Wednesday, December 21, 2011

The irish Governments plan on getting ISPs to monitor, filter and block subscribers from downloading illegal content

I rarely get political. First of all, I'm a non-national in Ireland, which means I can't vote on anything bar local stuff anyhow. But when it comes to the point, where they interfere with my bread and butter, to the point, where they actually could bankrupt me, I get furious. Especially, when they clearly don't have a clue of the industry they are affecting nor do proper consulting as usual.

The latest item on the agenda is getting ISPs to block internet users/subscribers from downloading illegal content / piracy.

What they don't realize though, is that if they force ISPs to filter/log content to the extend that they are looking into, they will most likely ruin most of the smaller regional ISPs financially in a split second on the cost for doing this alone. Especially because every good ISP doesn't have one single point where he terminates his internet traffic, nor one single point within the network where all traffic would be processed. Just for the sake of fail over. That means filters will have to be placed in several locations or a single point of failure will have to be created. Never mind the cost for putting the technology in place, another problem is the man power needed to update these filters on an ongoing basis as the ways the internet is used changes on a daily basis. Even for the ISPs that actually want to limit things like P2P, it's very hard to do so today. That's without having to try to log the data.

The impact on privacy is another problem, which has been given no thought at all. Implementing this type of filtering will literally give the Copyright agencies the right to tap your phone line. You think not ? Are you aware, how many phone calls are processed and routed across the Internet nowadays ? Even when you don't know it, IP data networks are used to route your phone call.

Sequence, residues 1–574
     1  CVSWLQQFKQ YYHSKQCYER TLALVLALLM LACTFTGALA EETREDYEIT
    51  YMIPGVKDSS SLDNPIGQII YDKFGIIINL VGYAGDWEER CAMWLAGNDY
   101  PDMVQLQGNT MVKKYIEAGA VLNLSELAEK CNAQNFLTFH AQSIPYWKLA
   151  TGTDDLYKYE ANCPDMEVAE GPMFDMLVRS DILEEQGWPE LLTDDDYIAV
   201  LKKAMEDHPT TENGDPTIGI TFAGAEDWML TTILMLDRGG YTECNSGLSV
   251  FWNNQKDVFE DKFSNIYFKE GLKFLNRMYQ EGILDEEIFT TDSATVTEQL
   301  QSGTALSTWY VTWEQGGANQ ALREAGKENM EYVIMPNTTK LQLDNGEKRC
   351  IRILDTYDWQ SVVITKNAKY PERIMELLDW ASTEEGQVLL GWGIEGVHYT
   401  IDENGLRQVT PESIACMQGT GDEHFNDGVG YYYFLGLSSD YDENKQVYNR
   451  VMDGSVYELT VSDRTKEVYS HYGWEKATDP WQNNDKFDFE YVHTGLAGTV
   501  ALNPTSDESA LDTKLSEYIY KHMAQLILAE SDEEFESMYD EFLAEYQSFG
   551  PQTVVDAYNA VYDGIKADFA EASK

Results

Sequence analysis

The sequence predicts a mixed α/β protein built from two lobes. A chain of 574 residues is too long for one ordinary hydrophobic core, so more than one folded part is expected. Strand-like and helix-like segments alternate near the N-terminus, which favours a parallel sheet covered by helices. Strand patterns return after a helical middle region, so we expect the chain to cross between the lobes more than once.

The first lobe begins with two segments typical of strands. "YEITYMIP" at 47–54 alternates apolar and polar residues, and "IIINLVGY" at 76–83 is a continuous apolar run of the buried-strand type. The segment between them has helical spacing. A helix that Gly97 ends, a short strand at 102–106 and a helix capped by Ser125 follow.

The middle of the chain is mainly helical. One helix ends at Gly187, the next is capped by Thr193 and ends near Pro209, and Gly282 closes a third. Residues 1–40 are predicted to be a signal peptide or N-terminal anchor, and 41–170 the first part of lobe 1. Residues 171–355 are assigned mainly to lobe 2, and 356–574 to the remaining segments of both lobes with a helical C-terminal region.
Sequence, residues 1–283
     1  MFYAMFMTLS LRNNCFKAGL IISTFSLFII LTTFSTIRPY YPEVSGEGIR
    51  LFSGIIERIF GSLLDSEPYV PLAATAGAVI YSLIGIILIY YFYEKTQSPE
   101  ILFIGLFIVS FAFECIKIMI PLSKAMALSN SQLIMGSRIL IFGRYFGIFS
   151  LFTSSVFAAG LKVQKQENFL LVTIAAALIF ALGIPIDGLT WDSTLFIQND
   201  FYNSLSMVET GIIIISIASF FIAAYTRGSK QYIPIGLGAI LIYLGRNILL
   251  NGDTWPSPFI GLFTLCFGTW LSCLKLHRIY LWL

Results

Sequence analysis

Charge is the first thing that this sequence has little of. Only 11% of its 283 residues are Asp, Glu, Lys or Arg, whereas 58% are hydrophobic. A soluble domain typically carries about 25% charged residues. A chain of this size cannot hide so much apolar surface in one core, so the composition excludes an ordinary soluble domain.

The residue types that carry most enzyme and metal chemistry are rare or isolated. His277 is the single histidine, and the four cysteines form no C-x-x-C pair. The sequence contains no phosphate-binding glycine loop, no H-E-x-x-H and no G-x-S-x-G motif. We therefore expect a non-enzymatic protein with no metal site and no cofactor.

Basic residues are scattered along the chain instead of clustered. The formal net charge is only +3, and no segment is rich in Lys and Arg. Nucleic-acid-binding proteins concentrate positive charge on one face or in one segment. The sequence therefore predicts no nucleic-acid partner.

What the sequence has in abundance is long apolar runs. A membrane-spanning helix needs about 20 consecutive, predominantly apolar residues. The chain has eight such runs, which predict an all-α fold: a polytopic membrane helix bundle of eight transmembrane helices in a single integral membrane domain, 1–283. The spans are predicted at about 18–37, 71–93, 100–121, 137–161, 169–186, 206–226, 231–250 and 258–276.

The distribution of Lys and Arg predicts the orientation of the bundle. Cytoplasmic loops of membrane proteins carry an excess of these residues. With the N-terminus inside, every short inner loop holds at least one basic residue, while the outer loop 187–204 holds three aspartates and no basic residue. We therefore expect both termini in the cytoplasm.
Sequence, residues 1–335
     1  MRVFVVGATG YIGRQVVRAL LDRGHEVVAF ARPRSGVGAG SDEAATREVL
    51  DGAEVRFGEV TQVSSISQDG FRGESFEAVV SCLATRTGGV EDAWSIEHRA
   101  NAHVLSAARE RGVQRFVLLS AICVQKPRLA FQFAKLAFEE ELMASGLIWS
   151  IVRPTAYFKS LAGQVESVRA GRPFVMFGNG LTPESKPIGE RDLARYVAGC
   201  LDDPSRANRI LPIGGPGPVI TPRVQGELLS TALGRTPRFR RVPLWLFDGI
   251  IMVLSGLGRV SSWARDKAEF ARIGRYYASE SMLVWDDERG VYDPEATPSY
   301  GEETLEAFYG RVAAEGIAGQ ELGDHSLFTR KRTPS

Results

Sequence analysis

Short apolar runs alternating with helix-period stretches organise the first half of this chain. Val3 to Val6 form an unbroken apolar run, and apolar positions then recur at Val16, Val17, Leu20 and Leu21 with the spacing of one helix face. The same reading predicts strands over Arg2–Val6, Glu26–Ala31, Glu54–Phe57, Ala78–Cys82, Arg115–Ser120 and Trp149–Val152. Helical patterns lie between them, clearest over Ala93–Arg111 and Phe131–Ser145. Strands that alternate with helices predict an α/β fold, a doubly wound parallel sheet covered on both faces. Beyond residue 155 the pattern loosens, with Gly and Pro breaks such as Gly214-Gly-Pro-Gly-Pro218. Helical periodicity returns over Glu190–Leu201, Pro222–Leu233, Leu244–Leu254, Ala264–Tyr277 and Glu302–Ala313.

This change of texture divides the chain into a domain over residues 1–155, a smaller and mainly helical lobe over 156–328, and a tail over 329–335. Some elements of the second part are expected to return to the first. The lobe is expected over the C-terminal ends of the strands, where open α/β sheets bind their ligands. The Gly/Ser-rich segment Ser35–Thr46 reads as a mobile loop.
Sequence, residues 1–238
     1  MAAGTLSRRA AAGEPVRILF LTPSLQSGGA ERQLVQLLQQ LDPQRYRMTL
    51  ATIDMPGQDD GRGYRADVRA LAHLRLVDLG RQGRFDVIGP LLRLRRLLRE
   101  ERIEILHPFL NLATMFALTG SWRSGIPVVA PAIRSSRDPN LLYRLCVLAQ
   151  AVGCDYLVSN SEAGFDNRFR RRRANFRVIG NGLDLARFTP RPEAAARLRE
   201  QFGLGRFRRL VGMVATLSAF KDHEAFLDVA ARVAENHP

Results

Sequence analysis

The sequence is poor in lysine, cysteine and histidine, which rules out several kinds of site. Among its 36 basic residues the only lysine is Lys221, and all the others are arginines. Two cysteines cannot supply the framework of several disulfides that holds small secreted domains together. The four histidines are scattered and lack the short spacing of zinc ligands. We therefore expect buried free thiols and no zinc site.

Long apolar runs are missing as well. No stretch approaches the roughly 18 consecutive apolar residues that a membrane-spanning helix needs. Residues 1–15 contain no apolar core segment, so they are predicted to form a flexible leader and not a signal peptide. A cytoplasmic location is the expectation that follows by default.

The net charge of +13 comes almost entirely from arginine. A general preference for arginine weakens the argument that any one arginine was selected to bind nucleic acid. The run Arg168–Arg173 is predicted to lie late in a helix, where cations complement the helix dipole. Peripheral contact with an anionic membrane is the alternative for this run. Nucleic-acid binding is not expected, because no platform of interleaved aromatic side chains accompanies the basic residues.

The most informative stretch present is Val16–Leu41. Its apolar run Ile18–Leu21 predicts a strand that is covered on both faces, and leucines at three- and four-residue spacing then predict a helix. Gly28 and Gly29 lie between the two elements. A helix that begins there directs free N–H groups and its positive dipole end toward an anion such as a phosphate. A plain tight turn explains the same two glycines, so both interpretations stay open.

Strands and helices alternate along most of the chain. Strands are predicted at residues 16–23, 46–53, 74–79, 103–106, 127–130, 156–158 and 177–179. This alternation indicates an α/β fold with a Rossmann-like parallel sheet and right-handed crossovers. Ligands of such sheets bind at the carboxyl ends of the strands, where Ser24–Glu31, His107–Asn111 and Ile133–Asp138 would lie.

Also, no thought has been given to the problems, that already exists. Just look what happened to the way Eircom (and the Copyright holders) handled the three strikes scenario:

Or do we want a scenario where the Music Industry tries to abuse law to earn more money:

Better yet, the Music Industry doesn't even ensure, that they pay the copyright holders nor keep to their contracts:

In the US, it's going as far, that the Music Industry now collects royalties for the event, that you might be playing copyrighted music: Before you ever violated any copyright law in the first place. Just in case, you know !

Another recent show, how the Industry just hits before even asking is the MegaUpload case:

So, if or when the government makes a law, that should limit pirating copyrighted material, they should be VERY careful, about where they tackle the issue and on what grounds. Placing the burden at the ISPs is shooting pigeons with a heat-seaking rocket-launcher. The collateral damage will be fairly insane and kick our broadband infrastructure a good decade back to where it came from.

Get a grip. Act responsible and solve the issue at the source. There is plenty of ways to tackle this. When you spill a bowl of rice, you don't go and get somebody else to pick up each and every one of them by hand. You get a brush and brush them up in one go. Or get a vacuum cleaner and fix the mess. You especially don't rip the carpet up at the same time to pin it back down again afterwards.

Matter of fact, this is as bad as the law about knifes in Denmark, that made every builder and even every person that owned a Volkswagen Tuareg a criminal, just because a Stanley knife is part of their toolkit. It basically handed such a person an automatic jail term. At the least the recent government change there meant, that the law got adjusted so that it doesn't hit innocent people anymore ... hopefully.